Tikun Ben Asher: Part 2


The Jerusalem Crown

Preserving the Masora

The previous post established that the Keter Aram Tzova (also known as the Tikun Ben Asher) is an ancient and halachically reliable text of the whole Tanach. The text of the Keter is uniquely consistent with its masoretic notes, but throughout history there were also other authoritative manuscripts of the Torah in various communities across the diaspora.

Sofrim in these communities did their best to faithfully copy Sifrei Torah from the master texts that they had available. Given the nature of the work, it was inevitable that minor variations in the text and layout of Sifrei Torah would spread over time. Many of these differences were based on alternate traditions that preexisted the Keter, but some were simply scribal errors. Remarkably, most of the discrepancies had no impact on the meaning of the words. Nearly all of the differences were in the placement (and type) of parsha breaks, and the spelling of words which could be written maleh or chaser.

As these subtle differences started to proliferate, efforts began to standardize the templates used for writing Sifrei Torah. The Rambam, who had access to the Keter, used it as the blueprint for a list of all the pesuchos and setumos in the Chumash. He included this list in the Mishna Torah, but many of the early manuscript copies of the Mishna Torah had different lists than the original one written by the Rambam himself.1

A generation after the Rambam, Rabbi Meir Halevi Abulafia (the Ramah)2 conducted a thorough review of all available source material – including the different versions of the Rambam’s list. He then compiled a definitive index (Masores Siyag Latorah) of all pesuchos and setumos, and added a list of every instance of maleh and chaser words in the Chumash.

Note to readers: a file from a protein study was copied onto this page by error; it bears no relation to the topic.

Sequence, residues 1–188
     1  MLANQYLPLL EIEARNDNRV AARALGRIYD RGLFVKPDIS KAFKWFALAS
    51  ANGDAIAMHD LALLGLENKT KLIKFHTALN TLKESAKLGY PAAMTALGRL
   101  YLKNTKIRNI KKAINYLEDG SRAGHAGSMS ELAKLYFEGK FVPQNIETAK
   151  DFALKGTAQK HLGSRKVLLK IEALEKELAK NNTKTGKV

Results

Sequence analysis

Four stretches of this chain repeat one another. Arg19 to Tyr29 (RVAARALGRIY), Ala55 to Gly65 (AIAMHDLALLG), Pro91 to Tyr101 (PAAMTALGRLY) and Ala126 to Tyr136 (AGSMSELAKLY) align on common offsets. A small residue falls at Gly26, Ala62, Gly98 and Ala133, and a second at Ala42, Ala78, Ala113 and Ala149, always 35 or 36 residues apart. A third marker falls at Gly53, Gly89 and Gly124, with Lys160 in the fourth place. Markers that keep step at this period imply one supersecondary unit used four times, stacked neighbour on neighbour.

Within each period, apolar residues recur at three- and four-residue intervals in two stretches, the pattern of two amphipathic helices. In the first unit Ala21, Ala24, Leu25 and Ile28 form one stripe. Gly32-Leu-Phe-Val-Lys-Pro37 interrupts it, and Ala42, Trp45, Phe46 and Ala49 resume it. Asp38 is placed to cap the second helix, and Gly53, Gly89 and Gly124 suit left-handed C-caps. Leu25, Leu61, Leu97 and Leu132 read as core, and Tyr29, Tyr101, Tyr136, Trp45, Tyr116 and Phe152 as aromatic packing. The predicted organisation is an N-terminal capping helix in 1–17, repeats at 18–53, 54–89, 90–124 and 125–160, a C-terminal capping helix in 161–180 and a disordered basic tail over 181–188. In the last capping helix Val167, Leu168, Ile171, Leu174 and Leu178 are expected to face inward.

An ambitious early attempt to produce an accurate printed edition of the entire Tanach was the Venice Mikra’os Gedolos (printed in 1525), which was edited by Ya’akov Ben Chaim Ibn Adoniyahu. Although Ya’akov Ben Chaim worked hard to produce an error-free text, he was not entirely successful and many errors remained. Most of the errors were minor (vowels and cantilation), but some were significant.3

The bulk of the errors in the Chumash portion of the Venice Mikra’os Gedolos were fixed about one hundred years later by Rabbi Menachem de Lonzano (Or Torah). Soon afterwards, Rabbi Yedidiah Norzi (Minchas Shai) refined and corrected the text of the entire Tanach.4

The conclusions of Masores Siyag Latorah, Or Torah, and Minchas Shai (along with some later authorities) were distilled into one comprehensive list by Rabbi Shlomo Ganzfried 5 in the Keses Hasofer. Almost all Jewish communities around the world accepted the tradition as recorded by the Keses Hasofer as the definitive text of the Chumash and write their Sifrei Torah accordingly.

Masora vs. Masora

In the modern era, when nearly anyone can easily access many of the authoritative manuscripts which were once scattered around the world, the question arises: Should the masora as recorded in these ancient manuscripts supersede the accepted text used for hundreds of years?

With regard to Sifrei Torah, the consensus of the poskim is clear that every community should continue to use the traditional text as transmitted within that community.6 For nevi’im and megilos, the circumstances are a bit more complicated, and they will be the subject of future posts.

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With thanks to Yakov Schonberg for graciously sharing his expertise.

  1. Some changes may have been made deliberately by copyists attempting to “fix” the Mishna Torah to bring it into agreement with the text as written in existing Sifrei Torah or manuscripts. It is also possible – although unlikely – that the Rambam made changes to his own list in later revisions of the Mishna Torah. ↩

  2. A Rishon; author of the Yad Ramah. Not to be confused with Rabbi Moshe Isserles – the Rema – who was an Achron. ↩

  3. The Mikra’os Gedolos was produced in an incredibly short amount of time, and it is a testament to Ya’akov Ben Chaim’s expertise that the errors were not even more numerous.  ↩

  4. Even though the Minchas Shai was written in an attempt to correct all of Tanach, the work done on Nach was not given the same time and effort as the work done on Chumash.  ↩

  5. Author of the Kitzur Shulchan Aruch. ↩

  6. “My masora is the best masora (for me).” ↩